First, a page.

In business today we use software in almost everything we do. What’s proven to be especially useful is web-based software or software-as-a-service (SaaS). It would be almost impossible to find someone in business who isn’t using at least some SaaS tools. From email (Gmail) to communication (Skype) to file sharing (Dropbox), SaaS tools have become a staple of office productivity.

One particular category of SaaS tools is collaboration. This is software that enables teams—especially remote teams like we have today—to work together on and communicate about projects. Two of the more popular SaaS collaboration tools are GitHub and Slack.

GitHub is a repository and version control tool which helps software teams develop software together. Slack is a communications portal built around “channels,” which are groups of people with something in common.

Hackers are now targeting SaaS products in general and these two SaaS tools in particular with phishing attacks. It’s somewhat surprising, since these tools are used by some of the most sophisticated technology people around and those most likely to sniff out a phishing attack.

In the case of GitHub, “GitHub users are currently being targeted by a phishing campaign specifically designed to collect and steal their credentials via landing pages mimicking GitHub’s login page. The phishing emails use various lures to trick targets into clicking the malicious link embedded in the messages: some say that unauthorized activity was detected, while others mention repository or settings changes to the targeted user’s account.”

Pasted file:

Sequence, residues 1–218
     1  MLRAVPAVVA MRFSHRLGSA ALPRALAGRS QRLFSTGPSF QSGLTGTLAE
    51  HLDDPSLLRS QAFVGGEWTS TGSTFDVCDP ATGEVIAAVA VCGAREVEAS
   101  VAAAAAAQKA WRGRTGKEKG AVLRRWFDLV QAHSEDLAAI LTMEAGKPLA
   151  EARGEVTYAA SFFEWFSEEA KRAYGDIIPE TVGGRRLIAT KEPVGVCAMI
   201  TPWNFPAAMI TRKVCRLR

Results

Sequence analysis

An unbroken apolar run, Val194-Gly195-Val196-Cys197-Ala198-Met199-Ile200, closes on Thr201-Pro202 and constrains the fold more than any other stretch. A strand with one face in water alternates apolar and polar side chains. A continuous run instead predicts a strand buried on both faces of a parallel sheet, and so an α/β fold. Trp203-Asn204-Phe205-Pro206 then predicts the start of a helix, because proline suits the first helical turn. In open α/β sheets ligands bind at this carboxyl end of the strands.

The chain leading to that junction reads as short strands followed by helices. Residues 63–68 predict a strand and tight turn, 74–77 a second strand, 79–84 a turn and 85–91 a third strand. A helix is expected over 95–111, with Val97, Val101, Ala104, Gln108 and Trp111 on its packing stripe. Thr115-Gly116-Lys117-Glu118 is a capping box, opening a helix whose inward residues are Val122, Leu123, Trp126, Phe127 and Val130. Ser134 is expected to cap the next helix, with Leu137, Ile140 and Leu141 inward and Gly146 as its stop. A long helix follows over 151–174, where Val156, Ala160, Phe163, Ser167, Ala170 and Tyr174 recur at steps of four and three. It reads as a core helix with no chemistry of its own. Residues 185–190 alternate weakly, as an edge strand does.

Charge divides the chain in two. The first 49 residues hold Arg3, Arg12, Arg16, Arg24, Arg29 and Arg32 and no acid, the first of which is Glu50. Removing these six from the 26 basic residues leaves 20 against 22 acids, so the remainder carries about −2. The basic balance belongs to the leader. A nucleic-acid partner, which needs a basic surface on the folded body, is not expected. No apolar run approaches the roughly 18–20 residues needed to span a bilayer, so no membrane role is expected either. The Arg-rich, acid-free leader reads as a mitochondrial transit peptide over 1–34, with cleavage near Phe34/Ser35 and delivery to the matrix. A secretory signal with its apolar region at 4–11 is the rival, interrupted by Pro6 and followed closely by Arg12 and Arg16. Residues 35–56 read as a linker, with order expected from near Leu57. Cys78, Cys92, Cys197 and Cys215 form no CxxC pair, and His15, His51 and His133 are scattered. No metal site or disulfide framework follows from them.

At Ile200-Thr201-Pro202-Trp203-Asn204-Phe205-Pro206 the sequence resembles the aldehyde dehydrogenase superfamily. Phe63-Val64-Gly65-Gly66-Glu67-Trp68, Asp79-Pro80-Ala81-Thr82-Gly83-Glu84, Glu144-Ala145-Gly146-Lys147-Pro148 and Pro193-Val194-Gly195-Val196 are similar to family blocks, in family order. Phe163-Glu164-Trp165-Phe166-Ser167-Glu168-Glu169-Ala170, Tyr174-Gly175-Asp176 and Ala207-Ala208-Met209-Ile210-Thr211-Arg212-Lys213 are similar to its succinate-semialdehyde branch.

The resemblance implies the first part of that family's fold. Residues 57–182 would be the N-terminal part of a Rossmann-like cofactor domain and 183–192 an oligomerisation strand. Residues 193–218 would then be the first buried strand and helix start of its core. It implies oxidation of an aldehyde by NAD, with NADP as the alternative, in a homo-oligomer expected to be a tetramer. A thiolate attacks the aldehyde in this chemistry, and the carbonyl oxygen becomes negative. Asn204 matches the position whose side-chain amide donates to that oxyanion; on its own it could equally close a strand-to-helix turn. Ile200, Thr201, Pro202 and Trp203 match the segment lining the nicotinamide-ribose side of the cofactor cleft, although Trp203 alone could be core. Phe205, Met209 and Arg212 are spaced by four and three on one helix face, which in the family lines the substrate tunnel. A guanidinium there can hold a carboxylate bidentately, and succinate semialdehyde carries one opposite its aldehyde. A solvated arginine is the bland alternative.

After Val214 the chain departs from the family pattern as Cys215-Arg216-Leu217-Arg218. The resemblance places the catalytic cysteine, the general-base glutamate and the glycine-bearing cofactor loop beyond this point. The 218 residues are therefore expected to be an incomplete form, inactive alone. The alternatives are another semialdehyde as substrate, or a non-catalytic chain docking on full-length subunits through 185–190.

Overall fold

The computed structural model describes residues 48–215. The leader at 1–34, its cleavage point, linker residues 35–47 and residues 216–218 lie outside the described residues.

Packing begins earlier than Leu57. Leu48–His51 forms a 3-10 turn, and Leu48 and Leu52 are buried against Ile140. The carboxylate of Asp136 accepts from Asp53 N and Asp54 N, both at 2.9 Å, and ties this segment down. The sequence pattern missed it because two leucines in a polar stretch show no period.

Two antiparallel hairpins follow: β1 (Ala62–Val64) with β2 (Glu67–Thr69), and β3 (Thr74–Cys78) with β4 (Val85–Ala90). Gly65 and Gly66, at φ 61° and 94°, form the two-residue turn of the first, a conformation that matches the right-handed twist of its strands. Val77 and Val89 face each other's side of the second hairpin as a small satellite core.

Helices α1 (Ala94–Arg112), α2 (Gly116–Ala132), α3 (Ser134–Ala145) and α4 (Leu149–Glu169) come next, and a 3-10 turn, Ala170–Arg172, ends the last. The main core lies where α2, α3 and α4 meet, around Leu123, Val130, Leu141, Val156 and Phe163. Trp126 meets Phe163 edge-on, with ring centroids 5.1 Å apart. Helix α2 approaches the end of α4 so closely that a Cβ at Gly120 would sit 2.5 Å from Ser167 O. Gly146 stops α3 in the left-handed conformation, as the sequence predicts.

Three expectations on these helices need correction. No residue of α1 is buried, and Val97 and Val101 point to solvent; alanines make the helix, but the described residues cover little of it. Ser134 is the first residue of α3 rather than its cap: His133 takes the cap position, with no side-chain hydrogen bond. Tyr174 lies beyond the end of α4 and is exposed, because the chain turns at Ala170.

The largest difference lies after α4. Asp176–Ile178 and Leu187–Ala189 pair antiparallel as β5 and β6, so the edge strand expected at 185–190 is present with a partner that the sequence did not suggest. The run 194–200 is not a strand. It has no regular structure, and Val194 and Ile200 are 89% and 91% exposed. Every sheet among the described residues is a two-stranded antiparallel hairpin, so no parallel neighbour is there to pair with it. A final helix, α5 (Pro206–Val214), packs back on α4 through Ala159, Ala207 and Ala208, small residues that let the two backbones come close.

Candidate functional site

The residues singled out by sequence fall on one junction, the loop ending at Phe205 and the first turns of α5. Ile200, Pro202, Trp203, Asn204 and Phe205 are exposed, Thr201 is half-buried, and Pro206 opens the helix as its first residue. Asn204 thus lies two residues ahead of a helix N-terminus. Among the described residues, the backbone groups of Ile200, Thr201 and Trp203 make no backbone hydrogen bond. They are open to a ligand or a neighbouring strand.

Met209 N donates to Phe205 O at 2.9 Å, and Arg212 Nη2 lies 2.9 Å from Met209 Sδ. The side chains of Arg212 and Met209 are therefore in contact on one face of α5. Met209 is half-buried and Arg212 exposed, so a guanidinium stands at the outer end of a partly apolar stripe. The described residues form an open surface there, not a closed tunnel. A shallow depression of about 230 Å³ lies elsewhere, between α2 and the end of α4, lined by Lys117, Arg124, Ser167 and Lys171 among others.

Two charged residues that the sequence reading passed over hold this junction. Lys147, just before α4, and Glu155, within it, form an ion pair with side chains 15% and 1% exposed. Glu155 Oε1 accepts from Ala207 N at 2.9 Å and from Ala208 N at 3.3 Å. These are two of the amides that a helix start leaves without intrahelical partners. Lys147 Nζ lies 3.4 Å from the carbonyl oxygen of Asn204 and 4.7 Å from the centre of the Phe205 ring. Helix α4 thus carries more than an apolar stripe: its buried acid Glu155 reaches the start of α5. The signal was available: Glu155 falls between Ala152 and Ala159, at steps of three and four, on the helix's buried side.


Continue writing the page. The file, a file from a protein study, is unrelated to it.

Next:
In the case of Slack, “Incoming webhooks allow you to post messages from your applications to Slack. By specifying a unique URL, your message body, and a destination channel, you can send a message to any webhook that you know the URL for in any workspace, regardless of membership. Generally, Slack webhooks are considered a low risk integration. A deeper dive into webhooks shows that this is not entirely accurate.”

So, hackers are using the webhooks URLs to phish unsuspecting users. “The process itself is fairly simple:

  1. Discover leaked webhooks
  2. Create a Slack app and allow public installation of the app
  3. Send malicious messages to discovered hooks
  4. Track workspaces that install the malicious app
  5. Use the app to exfiltrate data from workspaces that install it”

It just goes to show that hackers are not afraid to go after the most tech-savvy users out there with their phishing attacks. And if the tech-savvy are vulnerable, what chance do normal folks have? That’s why the best approach, regardless of technical prowess, is to utilize another SaaS product to protect employees from phishing attacks: Phish Protection.

In the case of Phish Protection, being web-based is actually an advantage. Since emails are first routed to the service, scanned and then forwarded if safe, emails with malicious links never actually make it into the inbox. And if a phishing email can’t make it into the inbox, there’s no way it can be used to phish you.

Try Phish Protection free for 60 days. It works with all software providers, sets up in 10 minutes and only costs pennies per employee per month. It’s perfect for cost-conscious small businesses.